Hsu Wins NSF CAREER Award to Develop Energy-Saving Wearable Device
Competitive five-year grant will help Po-Chun Hsu develop new wearable technology to manage heat around the human body without using additional power supply
Po-Chun Hsu, assistant professor of mechanical engineering and materials science at Duke University, has been awarded a prestigious National Science Foundation Faculty Early Career Development (CAREER) Award. The award supports outstanding early-career faculty in building a foundation for a lifelong research program. For the next five years, the $500,000 award will support Hsu’s innovative work developing a wearable device that manages heat around the human body without requiring an active power supply to maintain the heating/cooling mode.
Hsu’s goal is to address the human need for thermal homeostasis—or maintenance of core body temperature within a specific range, as required by all warm-blooded mammals—while reducing the enormous amount of energy consumption and carbon emissions associated with indoor temperature control.
According to the U.S. Department of Energy and other sources, building heating and cooling management accounts for an estimated 15% of global energy consumption and approximately 10% of global greenhouse gas emissions. Hsu is passionate about reducing these levels of energy consumption and their environmental effects.
“My goal is to solve the long-standing trade-off between power consumption and functionality of wearable thermoregulation devices by providing a new approach of controlling heat transfer, rather than actively supplying power, which will significantly reduce energy consumption,” said Hsu.
His approach for the device supported by this award involves a combination of materials science, thermal science, sustainability and photonic engineering. The design uses a metamaterial—an engineered composite that is structured to control and manipulate light waves—to radiate heat. By pairing the metamaterial with a polymer that electrochemically changes its property, Hsu will tune the device to manage the heat that naturally radiates from the human body in the mid-infrared wavelength range, thereby optimally regulating the body’s heat balance. Mid-infrared wavelengths are between the visible light spectrum and microwaves.
“The electrochemical tuning is non-volatile and consumes zero power to maintain the heating/cooling mode, which is a remarkable advantage for long-term daily usage,” said Hsu.
To provide stretchability, breathability and morphing of the dynamic metasurface in 3D for future large-scale production, Hsu will employ kirigami cuts, which are akin to origami but combined with cutting that render 3D results without adhesive.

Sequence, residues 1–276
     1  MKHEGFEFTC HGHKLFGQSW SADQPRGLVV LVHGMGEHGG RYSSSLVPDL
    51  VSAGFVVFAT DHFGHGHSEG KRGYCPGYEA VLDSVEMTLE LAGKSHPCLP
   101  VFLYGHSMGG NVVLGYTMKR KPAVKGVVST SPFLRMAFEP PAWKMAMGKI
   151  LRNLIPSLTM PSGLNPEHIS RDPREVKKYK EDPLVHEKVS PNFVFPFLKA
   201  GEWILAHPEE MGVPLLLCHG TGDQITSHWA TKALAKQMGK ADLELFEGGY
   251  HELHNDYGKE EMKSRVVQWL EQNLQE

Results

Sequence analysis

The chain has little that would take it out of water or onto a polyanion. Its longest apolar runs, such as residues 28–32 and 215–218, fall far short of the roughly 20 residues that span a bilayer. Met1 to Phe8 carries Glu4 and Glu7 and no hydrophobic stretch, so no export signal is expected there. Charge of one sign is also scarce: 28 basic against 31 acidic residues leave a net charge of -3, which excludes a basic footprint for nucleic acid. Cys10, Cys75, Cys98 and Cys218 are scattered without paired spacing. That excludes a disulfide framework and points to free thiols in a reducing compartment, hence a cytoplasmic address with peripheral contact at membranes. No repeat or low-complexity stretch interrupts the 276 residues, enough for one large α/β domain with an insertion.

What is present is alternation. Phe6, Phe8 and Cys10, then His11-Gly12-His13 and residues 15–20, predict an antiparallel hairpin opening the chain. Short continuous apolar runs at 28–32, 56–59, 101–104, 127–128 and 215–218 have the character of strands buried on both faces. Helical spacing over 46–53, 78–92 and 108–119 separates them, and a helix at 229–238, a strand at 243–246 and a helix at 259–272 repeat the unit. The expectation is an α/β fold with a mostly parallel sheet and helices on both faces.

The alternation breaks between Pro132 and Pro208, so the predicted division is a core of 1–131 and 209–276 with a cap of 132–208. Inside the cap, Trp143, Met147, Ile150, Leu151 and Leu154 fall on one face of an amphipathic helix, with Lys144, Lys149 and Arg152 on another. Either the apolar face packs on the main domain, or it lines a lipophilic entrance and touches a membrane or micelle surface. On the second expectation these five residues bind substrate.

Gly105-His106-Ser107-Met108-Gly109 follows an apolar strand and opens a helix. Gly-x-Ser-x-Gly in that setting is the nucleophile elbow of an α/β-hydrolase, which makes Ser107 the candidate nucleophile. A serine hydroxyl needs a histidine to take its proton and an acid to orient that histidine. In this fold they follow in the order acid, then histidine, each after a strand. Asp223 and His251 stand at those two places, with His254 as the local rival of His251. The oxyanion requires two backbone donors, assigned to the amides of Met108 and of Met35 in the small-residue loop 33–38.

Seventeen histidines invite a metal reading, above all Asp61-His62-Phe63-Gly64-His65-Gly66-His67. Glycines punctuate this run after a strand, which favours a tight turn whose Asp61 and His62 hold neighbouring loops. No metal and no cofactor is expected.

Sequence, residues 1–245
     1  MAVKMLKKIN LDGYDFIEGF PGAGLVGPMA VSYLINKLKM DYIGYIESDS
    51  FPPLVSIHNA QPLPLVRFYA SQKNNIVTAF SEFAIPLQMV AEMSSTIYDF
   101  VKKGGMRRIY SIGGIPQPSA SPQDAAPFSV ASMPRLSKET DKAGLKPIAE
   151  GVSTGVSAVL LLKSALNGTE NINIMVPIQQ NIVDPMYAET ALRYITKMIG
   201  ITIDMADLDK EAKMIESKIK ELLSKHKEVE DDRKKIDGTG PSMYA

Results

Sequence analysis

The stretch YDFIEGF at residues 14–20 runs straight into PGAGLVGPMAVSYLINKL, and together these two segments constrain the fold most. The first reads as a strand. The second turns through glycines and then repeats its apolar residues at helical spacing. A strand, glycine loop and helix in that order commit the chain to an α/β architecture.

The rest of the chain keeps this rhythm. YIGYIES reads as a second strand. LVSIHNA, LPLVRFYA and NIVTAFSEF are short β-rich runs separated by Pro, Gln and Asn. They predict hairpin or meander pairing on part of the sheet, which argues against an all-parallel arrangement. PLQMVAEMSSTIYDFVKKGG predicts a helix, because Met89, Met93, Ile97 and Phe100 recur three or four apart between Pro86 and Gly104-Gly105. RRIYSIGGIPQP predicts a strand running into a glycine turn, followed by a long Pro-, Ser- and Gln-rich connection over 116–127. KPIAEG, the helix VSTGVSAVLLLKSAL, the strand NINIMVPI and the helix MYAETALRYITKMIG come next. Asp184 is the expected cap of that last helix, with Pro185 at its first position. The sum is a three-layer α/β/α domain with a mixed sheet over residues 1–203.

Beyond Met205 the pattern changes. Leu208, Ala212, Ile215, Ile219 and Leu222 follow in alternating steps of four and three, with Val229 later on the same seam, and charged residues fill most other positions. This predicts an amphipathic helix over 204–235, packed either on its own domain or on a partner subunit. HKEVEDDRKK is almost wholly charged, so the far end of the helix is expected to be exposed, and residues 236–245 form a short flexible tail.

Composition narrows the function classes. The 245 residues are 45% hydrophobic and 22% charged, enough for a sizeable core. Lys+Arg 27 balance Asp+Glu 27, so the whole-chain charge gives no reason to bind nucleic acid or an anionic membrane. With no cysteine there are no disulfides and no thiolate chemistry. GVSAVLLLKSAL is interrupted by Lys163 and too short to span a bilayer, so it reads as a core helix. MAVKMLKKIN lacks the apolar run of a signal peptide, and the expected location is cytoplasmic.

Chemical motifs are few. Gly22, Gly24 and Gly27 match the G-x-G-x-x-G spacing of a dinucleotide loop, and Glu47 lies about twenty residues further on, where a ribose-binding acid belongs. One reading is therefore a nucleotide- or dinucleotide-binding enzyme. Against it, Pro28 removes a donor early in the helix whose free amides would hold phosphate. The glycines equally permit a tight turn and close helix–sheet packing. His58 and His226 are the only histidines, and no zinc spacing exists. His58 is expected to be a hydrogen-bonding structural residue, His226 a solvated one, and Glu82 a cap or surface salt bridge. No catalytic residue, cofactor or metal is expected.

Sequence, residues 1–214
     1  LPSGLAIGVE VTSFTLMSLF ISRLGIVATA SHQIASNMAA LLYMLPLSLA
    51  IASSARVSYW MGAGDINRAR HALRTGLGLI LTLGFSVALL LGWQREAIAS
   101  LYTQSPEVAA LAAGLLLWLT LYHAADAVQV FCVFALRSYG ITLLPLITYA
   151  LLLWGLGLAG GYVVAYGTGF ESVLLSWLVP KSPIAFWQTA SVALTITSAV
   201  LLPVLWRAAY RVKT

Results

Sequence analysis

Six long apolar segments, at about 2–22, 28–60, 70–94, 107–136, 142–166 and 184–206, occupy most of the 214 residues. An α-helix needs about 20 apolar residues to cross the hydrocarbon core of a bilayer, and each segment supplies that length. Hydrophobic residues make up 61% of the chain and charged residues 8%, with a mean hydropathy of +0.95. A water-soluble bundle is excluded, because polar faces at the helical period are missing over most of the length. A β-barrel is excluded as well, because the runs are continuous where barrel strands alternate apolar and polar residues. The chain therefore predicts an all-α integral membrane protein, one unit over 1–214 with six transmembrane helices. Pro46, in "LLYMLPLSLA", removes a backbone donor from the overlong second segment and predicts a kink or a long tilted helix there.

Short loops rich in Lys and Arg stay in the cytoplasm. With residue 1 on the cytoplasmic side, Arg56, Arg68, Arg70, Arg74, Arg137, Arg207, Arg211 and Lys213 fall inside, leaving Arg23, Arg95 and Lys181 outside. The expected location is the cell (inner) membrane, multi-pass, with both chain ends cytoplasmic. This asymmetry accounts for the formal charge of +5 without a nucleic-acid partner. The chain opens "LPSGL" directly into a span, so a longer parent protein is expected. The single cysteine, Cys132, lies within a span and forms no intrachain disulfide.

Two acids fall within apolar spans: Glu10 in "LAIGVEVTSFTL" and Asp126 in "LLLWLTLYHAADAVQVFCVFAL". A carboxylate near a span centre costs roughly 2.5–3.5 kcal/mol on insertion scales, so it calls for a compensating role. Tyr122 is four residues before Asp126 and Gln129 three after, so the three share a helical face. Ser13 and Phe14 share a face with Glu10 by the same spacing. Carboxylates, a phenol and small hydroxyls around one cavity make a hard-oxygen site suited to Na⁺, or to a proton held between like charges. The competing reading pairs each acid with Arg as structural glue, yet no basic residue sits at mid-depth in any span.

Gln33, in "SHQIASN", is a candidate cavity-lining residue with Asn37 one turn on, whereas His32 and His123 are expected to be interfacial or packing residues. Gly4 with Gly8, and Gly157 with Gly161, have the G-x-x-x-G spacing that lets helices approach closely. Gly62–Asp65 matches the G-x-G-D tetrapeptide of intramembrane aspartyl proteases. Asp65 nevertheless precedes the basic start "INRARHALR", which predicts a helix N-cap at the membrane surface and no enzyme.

Hsu sees potential in this device for both spurring the cross-disciplinary field of photonic engineering, sustainable energy science and providing better-personalized thermoregulation to prevent temperature-related diseases, such as heart attack, stroke, heat illness, colds, and flu.
Hsu already has a strong track record of achievements to address energy consumption for heating and cooling, publishing extensively about his findings. He developed a device using customized nanomaterials with specific properties that are able to change between heating and cooling modes to manage solar energy for both radiative heating and cooling of a building.
His most recent work in textiles uses physics rather than electronics to open vents in a hybrid nylon/silver nanomaterial to let heat escape when a person begins to sweat, then reclose to retain heat once they are dry.
He also has designed comfortable textiles for wearables with specific properties to lower wearers’ thermal radiation so that they can tolerate higher air-conditioning settings. His approach is a departure from existing textiles, which wick moisture away from the body as their cooling method. Listen to him describe his materials science work at the nanoscale on “The World’s Coolest T-Shirt” episode of Duke Engineering’s Rate of Change podcast and on this episode of Science podcast.
Hsu joined Duke’s Thomas Lord Department of Mechanical Engineering & Materials Science in 2019. He earned a PhD in materials science at Stanford University in 2016.